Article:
The first is that I already knew the man that I would one day marry, that we had passed each other every day in the student union, attended the same parties, and even shared the same good friends. So I want all of you to look around because that stranger in the row behind you could be the very person you spend the rest of your life with.

The second thing I would not have believed is that I would actually end up living in Rhode Island. As I sat at graduation, all I wanted was to see the world, to move far away, to go. So please, remember these trees, the smell of Rhode Island in summer, the crunch of snow beneath your feet, the taste of a Del’s lemonade. Remember them, and leave them if you must, but return to them, even if only in your mind.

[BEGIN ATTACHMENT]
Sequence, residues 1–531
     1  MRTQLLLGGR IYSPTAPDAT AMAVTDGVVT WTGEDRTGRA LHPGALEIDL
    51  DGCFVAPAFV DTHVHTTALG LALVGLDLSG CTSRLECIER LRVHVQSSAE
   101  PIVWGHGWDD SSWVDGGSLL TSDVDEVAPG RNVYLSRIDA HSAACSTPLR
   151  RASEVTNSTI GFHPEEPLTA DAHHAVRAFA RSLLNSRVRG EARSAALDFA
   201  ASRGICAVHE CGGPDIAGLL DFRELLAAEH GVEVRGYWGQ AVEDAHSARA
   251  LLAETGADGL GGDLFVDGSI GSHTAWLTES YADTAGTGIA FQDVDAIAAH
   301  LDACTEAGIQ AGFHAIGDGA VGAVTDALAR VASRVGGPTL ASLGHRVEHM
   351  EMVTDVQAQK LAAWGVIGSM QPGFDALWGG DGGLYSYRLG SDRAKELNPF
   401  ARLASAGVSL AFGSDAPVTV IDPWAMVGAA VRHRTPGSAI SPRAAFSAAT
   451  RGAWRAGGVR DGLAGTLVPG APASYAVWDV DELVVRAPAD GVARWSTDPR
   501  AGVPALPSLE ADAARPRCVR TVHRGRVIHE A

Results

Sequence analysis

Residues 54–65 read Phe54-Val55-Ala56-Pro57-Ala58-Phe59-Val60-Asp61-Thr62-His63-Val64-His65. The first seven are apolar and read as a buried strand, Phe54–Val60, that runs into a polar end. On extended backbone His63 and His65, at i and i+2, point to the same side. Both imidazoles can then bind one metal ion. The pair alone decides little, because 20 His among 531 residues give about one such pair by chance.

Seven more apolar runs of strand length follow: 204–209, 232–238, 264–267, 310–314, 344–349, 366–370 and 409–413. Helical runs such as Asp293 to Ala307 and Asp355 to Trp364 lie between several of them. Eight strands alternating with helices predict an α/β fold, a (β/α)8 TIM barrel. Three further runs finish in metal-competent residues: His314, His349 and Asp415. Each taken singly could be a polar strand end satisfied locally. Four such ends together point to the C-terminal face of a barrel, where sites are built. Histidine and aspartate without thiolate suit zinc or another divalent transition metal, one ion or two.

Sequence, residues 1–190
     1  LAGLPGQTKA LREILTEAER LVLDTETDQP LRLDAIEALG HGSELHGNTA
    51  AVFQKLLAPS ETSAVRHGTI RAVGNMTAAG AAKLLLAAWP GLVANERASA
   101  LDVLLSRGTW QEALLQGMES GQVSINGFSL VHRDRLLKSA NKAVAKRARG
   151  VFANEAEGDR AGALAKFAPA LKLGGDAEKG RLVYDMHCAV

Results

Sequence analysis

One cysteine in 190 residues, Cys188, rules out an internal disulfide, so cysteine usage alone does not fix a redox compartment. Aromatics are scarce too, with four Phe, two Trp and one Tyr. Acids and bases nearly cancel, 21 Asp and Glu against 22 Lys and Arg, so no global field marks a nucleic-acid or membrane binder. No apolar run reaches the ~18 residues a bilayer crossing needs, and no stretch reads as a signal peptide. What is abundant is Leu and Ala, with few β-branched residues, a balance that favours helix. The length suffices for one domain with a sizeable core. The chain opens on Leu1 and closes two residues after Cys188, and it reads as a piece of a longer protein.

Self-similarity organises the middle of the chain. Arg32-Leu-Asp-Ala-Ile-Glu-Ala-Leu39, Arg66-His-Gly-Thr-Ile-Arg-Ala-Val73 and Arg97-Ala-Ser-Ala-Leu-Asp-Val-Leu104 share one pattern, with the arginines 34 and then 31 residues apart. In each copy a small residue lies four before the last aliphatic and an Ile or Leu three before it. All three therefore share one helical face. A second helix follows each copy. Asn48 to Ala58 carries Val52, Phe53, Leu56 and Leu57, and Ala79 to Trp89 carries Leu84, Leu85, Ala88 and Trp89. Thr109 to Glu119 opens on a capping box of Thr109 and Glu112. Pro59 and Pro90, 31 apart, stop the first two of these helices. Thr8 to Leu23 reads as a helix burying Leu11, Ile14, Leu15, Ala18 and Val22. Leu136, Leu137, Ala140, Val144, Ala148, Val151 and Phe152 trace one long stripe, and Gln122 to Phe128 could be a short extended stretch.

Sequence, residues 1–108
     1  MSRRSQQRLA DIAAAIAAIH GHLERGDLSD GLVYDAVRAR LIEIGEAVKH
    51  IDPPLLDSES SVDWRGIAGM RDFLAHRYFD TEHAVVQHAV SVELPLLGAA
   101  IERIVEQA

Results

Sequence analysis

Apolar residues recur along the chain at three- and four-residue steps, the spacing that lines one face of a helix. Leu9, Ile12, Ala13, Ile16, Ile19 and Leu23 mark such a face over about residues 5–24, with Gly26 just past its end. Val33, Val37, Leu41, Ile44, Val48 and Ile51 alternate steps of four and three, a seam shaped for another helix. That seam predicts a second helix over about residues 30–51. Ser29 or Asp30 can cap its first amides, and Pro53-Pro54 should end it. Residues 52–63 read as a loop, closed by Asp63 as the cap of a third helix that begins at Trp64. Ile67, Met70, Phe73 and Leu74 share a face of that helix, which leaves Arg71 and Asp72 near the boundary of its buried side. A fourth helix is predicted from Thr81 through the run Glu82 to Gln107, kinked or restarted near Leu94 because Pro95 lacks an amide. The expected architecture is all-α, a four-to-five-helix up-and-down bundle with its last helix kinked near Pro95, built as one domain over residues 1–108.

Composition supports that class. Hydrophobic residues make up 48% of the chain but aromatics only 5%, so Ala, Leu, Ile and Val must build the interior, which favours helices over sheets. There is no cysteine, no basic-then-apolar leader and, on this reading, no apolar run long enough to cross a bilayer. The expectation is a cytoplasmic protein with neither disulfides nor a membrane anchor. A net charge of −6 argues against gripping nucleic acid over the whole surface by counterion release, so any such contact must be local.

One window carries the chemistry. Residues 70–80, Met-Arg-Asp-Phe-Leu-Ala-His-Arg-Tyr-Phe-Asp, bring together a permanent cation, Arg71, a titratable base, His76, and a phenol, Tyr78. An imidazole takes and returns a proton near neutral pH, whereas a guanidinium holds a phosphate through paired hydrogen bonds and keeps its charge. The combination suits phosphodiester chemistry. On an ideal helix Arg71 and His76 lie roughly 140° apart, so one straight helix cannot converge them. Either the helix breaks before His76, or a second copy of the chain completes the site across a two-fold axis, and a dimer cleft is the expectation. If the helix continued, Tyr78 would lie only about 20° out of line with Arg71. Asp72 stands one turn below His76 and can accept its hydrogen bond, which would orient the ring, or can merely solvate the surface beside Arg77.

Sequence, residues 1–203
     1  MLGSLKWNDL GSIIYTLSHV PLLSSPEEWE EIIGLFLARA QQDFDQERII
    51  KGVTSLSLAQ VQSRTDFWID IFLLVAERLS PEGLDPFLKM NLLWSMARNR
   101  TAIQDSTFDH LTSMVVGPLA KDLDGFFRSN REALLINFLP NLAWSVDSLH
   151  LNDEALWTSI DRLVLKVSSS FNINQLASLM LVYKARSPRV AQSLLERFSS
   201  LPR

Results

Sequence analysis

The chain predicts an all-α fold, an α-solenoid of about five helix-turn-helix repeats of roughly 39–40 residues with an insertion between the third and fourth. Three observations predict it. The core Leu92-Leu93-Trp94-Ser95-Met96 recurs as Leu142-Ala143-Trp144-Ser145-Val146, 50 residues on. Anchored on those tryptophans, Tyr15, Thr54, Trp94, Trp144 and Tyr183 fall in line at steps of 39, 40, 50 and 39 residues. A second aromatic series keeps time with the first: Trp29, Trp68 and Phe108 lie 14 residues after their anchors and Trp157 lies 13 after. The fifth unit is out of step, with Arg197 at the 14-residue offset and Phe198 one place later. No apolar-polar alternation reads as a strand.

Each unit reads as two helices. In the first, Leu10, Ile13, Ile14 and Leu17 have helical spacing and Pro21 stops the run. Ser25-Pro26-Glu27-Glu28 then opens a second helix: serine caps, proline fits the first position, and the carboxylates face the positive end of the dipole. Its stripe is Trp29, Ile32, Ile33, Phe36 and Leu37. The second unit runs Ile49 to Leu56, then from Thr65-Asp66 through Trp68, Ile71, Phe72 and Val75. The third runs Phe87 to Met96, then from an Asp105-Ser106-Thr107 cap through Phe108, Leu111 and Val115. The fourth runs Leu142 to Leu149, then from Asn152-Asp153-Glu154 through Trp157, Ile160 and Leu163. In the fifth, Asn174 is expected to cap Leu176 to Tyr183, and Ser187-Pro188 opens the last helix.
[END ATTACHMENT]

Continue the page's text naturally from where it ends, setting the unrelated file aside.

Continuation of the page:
The third thing I would not have believed, even though people said it all the time, is that life really is short. So please, when you leave here and go to your family and friends, hug them hard and tell them that you love them.

The next thing I would not have believed is that some day I would walk into bookstores and find my name on books there, nestled on a shelf somewhere between Hemingway and John Irving. So dare to imagine great and unimaginable things for yourself.

And finally, of course, I would not have believed that I would be the Commencement Speaker in 2005. So take this advice: get a Bartlett’s Book Of Quotations and begin making notes as soon as possible. In case you find yourself in the same position one day, you’ll be prepared.

My own commencement speaker was Sarah Caldwell, a distinguished woman who produces, directs, and conducts operas. However I confess that I cannot recall a single thing she said. I hope I do not suffer the same fate.